Refugees in modern and contemporary European history
Time: 19:45 - 21:15
This course will be delivered online. See the ‘What is the course about?’ section in course details for more information.
Course Code: HEH22
Duration: 4 sessions (over 4 weeks)
Note: Course starts today, check start time
What is the course about?
According to numerous political parties, social media influencers and media outlets across Europe, ‘we’ are currently being ‘flooded’ by especially Muslim refugees and immigrants who either want to exploit ‘our’ welfare policies or pose terrorist threats. This course uses this backdrop to explore the theme of refugees in modern history from the middle of the 19th century onwards. In doing so, the course will touch upon, among other things, the differences between refugees and migrants, ‘white’ refugees in modern European history, ‘Muslim’ refugees in modern European history, the emergence of international refugee organisations, refugee dynamics at the margins of Europe at the beginning of the 21st century and the political instrumentalisation and racialization of humans fleeing conflicts and climate change.
This is a live online course. You will need:
- Internet connection. The classes work best with Chrome.
- A computer with microphone and camera is best (e.g. a PC/laptop/iMac/MacBook), or a tablet/iPad/smart phone/iPhone if you don't have a computer.
We will contact you with joining instructions before your course starts.
What will we cover?
The course will explore the histories of refugees in modern and contemporary European history over four sessions. The first session will serve as an introduction and focus on the period from the middle of the 19th century to the outbreak of the First World War, focusing especially on wars between European empires and wars of independence. The second session will then explore refugee patterns and responses in the Interwar period and the Second World War. The third session will explore the Cold War, and the last session the period from 1989 until 2020, focusing both on the collapse of Yugoslavia and the current ‘refugee crisis’.
What will I achieve?
By the end of this course you should be able to...
Taking this course will strengthen your understanding of modern refugee history and its politics in contemporary European debates and media landscapes.
What level is the course and do I need any particular skills?
The course is ‘introductory’ and does not require previous studies on the topic. However, curiosity and a willingness to discuss will help both your learning and class discussions.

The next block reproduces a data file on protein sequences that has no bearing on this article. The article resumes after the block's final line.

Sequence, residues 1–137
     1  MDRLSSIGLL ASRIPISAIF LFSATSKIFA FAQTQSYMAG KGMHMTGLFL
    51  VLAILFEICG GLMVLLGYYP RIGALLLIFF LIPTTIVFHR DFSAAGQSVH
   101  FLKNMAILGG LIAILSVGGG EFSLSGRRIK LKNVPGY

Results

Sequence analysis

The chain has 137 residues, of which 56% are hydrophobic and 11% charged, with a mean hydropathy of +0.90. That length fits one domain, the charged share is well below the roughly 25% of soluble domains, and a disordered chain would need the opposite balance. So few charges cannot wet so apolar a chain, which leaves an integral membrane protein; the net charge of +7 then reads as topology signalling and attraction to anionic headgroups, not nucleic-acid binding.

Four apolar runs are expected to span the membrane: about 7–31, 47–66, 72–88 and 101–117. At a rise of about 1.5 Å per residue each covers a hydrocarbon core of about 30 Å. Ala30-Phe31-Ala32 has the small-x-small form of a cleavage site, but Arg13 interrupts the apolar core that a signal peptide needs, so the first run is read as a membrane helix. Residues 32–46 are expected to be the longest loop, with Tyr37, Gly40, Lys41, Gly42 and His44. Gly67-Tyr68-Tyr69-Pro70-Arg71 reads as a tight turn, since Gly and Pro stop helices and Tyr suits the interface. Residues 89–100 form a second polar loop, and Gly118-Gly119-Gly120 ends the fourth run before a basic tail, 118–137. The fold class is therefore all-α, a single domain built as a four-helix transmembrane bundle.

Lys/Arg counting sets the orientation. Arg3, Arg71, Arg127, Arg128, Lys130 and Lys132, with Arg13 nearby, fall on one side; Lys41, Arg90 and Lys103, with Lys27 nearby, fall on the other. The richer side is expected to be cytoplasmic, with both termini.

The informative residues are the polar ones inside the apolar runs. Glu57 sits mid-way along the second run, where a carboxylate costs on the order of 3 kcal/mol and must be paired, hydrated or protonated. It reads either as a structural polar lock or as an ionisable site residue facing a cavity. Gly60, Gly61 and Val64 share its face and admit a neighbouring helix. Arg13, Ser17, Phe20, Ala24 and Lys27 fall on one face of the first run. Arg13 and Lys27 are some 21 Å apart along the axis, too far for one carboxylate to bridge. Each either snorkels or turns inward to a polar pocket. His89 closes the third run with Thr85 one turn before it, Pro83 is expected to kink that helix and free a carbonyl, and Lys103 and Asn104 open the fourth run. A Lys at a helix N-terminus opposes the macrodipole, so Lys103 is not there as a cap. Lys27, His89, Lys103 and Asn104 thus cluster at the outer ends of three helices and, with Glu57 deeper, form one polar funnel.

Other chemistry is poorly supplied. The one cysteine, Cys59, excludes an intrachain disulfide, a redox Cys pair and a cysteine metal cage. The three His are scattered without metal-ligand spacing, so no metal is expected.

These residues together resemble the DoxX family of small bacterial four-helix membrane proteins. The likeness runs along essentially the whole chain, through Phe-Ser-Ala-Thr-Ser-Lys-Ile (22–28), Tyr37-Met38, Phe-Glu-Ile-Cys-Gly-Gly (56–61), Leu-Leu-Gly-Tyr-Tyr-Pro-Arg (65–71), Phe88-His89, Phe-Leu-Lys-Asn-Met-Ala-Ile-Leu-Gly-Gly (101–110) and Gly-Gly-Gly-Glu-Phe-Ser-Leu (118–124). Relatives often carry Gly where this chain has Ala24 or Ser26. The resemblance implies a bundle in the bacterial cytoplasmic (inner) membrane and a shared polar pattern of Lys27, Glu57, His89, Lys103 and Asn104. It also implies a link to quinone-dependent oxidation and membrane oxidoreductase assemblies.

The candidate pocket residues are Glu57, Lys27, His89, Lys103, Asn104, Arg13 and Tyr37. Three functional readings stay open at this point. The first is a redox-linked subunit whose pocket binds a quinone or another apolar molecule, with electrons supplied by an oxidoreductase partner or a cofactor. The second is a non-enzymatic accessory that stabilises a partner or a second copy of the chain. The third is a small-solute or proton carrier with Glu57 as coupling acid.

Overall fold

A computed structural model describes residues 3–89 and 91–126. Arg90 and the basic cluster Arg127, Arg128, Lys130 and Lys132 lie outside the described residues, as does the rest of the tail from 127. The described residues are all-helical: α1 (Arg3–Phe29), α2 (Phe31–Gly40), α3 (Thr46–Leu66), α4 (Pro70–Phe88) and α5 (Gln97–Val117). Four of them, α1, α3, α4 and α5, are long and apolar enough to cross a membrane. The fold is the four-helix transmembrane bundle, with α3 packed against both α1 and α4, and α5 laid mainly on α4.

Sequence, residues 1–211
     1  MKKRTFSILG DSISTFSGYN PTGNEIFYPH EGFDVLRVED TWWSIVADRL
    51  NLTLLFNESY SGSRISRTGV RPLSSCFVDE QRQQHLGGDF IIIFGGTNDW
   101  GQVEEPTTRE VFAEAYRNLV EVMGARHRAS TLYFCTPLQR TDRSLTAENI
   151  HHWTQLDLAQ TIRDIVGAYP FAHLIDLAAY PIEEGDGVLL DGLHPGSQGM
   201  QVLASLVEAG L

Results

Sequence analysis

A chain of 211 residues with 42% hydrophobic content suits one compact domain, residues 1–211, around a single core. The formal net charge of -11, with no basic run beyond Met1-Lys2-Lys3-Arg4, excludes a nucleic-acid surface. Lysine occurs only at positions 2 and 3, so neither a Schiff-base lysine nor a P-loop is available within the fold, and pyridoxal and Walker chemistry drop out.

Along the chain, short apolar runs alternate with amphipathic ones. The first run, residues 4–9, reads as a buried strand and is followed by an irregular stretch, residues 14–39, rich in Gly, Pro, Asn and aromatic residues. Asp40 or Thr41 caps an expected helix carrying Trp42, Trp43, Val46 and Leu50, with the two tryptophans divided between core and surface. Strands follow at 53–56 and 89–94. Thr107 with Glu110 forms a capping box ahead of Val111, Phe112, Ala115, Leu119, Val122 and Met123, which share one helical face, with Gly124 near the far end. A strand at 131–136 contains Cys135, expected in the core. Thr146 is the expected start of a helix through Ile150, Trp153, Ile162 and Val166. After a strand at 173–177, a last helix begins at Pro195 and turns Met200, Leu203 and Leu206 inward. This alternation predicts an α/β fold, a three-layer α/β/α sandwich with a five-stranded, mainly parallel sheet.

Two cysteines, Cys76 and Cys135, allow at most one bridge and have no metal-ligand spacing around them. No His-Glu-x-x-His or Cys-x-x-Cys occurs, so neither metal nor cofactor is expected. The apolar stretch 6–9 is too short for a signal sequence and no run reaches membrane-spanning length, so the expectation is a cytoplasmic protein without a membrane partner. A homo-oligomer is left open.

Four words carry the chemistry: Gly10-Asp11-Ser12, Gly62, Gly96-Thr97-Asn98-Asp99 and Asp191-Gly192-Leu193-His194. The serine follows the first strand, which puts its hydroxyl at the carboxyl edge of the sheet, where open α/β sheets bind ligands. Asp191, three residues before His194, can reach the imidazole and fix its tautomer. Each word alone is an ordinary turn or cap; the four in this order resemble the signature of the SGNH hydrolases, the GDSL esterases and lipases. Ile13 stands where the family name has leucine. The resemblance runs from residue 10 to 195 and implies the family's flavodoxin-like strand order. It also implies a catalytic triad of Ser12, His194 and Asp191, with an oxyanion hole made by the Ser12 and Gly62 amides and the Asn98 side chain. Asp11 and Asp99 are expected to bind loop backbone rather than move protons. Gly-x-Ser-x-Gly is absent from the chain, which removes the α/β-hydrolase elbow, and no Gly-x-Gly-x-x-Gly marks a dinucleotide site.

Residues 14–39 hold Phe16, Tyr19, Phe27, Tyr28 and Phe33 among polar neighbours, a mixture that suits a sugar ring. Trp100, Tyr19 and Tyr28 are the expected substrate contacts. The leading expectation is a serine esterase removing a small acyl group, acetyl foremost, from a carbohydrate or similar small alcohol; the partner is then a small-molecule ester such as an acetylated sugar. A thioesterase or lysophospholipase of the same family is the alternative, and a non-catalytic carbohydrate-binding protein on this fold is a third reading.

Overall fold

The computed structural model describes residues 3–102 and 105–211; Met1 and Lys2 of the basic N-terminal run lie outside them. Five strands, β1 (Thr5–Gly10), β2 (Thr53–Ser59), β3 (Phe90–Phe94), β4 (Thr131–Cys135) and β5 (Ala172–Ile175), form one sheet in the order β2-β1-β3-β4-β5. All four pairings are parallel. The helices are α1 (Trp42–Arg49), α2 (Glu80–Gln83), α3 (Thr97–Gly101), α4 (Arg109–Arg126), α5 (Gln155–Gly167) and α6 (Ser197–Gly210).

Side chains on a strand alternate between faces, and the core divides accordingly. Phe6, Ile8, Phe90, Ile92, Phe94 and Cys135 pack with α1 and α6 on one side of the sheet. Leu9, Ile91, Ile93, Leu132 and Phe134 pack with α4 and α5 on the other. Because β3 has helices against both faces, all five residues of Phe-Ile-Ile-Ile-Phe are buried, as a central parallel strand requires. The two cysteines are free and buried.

How will I be taught, and will there be any work outside the class?
The course does not require work outside class although you might find it useful to explore the media landscape alongside the classes. Typically, the classes will be a combination of teacher presentation, brief individual or team exercises, and, most importantly, group discussion.
Are there any other costs? Is there anything I need to bring?
You might find a notebook or electronic device useful for notes. A folder for handouts might also be handy.
When I've finished, what course can I do next?
Please see the City Lit website: www.citylit.ac.uk for further courses in the contemporary history and politics section.
Martin Ottovay Jorgensen is a historian by education (BA, MA and PhD in Denmark and Belgium). Overall, his research focuses on how forms of international cooperation were new international undertakings but also reflected deeper imperial practices that lingered on long after decolonization in various ways. As a university teacher, he has taught courses on world and global history; imperial and colonial history; the history of international organisations; peace and conflict; global issues and international relations as well as how memory is an active dimension in community-building, society, politics, international relations, conflict as well as corporate branding. Perhaps more importantly, Martin sees the active promotion of robust historical thinking as both a democratic practice of vital importance to the maintenance and continued strengthening of democracy and thus society as a whole. At City Lit, Martin combines these interests with his student-centric approach that aims to both promote history as a socially relevant way of thinking and give each class and course a horizon beyond itself.
Please note: We reserve the right to change our tutors from those advertised. This happens rarely, but if it does, we are unable to refund fees due to this. Our tutors may have different teaching styles; however we guarantee a consistent quality of teaching in all our courses.